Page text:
"Belonging to the World": Women's Rights and American Constitutional Culture

By Sandra F. Vanburkleo | Go to book overview

Chapter 5

Toward Coequality and Self-Possession

Sometime in 1838, hard on the heels of the Grimké sisters' incendiary lectures about white mens' immoral and unconstitutional subordination of blacks and women, Harvard law professor Simon Greenleaf decided to mount his own lyceum series about the legal status of women. He had in mind cooling fevered brows. “The public ear,” he said, “has been filled with declamation upon the wrongs of woman,—her political and legal non-existence,—her natural equality,—her inalienable rights, and her degrading servitude; as though the sex … had been conquered and subjugated by man, and were still held in a state of bondage.” Not so, he argued: the doctrine of marital unity actually advanced human equality and women's best interests.1

Listening intently was 32-year-old “Keziah Kendall” (probably a pseudonym), who supposedly lived with two sisters on a dairy farm near Cambridge, Massachusetts. In “Kendall's” telling, the trio boasted a “good estate—comfortable house—nice barn, garden, orchard … and money in the bank besides.” She had heard about one of Greenleaf s lectures from her milkman; afterward, she wrote a letter informing him that his talk had been useless. As a property owner liable for taxes but disfranchised, Kendall had hoped to learn why she was absent in government; Greenleaf s lecture shed no light. As she put it, the “whole responsibility” of the farm fell on her, and while she was “not over fond of money,” she had “worked hard” for long years trying to “do all in my power to help earn, and help save.” Would it not be “strange” if she did not value property more than “those who never earned anything?” She did not like the lecture: ““I”t was pretty spoken enough, but there was nothing in it but what every body knows. We all know about a widows' third, and we all know that a man must maintain his wife, and we all know that he must pay her debts, if she has any. … What I wanted to know,” she added pugnaciously, “was good reasons for some of those laws that I cant account for. I do hope if you are ever to lecture … again, that you will give us some.”2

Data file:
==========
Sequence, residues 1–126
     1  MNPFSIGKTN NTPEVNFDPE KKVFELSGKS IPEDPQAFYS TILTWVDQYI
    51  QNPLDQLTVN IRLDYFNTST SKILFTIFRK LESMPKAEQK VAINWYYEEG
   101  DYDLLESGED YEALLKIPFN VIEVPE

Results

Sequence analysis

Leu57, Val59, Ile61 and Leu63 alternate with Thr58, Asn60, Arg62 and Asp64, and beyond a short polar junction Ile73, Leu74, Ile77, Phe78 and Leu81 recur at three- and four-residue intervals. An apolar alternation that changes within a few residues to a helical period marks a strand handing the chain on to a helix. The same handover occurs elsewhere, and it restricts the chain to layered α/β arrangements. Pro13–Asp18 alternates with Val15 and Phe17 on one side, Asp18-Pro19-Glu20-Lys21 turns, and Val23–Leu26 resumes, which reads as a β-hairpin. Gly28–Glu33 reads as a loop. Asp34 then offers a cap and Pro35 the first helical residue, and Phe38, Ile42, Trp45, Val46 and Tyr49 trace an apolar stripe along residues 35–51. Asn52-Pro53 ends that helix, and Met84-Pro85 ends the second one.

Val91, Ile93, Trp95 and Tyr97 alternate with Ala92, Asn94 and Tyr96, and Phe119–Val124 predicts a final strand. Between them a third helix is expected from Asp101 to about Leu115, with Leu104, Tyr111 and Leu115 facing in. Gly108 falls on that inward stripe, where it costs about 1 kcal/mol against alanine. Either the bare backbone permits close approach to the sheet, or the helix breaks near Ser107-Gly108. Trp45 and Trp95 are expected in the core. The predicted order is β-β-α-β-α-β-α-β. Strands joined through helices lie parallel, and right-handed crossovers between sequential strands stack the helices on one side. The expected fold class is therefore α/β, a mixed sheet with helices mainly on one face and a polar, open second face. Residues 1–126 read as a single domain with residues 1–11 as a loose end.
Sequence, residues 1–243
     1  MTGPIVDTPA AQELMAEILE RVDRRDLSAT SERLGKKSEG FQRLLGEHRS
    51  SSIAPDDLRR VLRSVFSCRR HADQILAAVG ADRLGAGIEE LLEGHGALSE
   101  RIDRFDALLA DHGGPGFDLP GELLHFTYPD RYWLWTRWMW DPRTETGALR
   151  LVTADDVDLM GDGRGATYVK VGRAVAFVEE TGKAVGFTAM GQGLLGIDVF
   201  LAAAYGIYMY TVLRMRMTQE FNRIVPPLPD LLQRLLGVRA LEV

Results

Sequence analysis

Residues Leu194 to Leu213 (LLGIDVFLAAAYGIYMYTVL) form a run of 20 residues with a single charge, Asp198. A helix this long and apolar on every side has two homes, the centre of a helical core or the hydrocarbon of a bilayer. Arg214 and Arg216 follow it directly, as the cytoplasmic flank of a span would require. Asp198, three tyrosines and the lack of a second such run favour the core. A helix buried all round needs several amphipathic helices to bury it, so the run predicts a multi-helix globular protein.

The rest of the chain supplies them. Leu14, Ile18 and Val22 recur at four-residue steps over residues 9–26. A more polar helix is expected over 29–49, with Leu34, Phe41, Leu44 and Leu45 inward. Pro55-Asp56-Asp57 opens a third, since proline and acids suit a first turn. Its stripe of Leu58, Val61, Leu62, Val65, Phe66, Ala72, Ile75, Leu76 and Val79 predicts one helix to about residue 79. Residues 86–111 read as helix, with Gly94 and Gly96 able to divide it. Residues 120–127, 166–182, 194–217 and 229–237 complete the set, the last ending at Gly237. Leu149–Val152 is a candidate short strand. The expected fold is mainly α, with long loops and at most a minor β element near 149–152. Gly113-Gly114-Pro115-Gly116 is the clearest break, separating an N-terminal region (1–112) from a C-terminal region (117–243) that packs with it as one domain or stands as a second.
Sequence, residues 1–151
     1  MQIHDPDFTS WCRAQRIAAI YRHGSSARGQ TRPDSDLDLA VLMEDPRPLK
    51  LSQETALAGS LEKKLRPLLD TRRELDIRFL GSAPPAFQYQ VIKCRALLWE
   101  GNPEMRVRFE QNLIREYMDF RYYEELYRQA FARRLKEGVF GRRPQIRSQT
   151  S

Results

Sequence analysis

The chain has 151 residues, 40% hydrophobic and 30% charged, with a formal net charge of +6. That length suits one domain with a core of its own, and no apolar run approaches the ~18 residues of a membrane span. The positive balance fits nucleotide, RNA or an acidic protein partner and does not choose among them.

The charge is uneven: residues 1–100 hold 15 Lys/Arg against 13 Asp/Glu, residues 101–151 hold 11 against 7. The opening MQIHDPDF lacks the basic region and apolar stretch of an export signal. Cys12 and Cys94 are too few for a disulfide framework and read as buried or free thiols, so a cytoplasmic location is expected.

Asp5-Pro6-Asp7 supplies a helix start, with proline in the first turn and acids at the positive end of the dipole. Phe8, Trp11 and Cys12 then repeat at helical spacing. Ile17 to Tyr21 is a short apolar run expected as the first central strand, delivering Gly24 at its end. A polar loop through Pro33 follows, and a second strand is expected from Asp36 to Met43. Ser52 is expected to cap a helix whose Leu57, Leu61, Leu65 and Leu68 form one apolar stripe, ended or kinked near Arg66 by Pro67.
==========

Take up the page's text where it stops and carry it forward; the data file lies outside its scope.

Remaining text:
The unmarried “Kendall” resented both disfranchisement and the long shadow of married women's disabilities. “Now we are taxed every year … taxes for land, for movables, for money and all,” she said. “I dont want to go representative or anything else, … but I have no voice about public improvements, and I dont see the justice of being taxed any more than the 'revolutionary heroes' did.” What about no taxation without representation? The law of coverture, moreover, had altered her life. Her indebted fiancé had feared that should they marry, his creditors would “get my property”; depressed and broken, he had gone to sea, never to return. “What I have suffered, I cannot tell you,” she wrote; there was “more might than right” in the law of domestic relations. She did not “wish to go about lecturing like the Misses Grimkie,” but she sensed in them a “call from humanity to speak” and judged his lecture “a onesided thing.” Nor were the Grimkés troublemakers: “When the fuss was about Antimasonry, the women did nothing about it, because there were no female masons, and it was none of their business.” This was different: “Women are kept for slaves as well as men—it is a common cause, deny the justice of it, who can!”3

-103-

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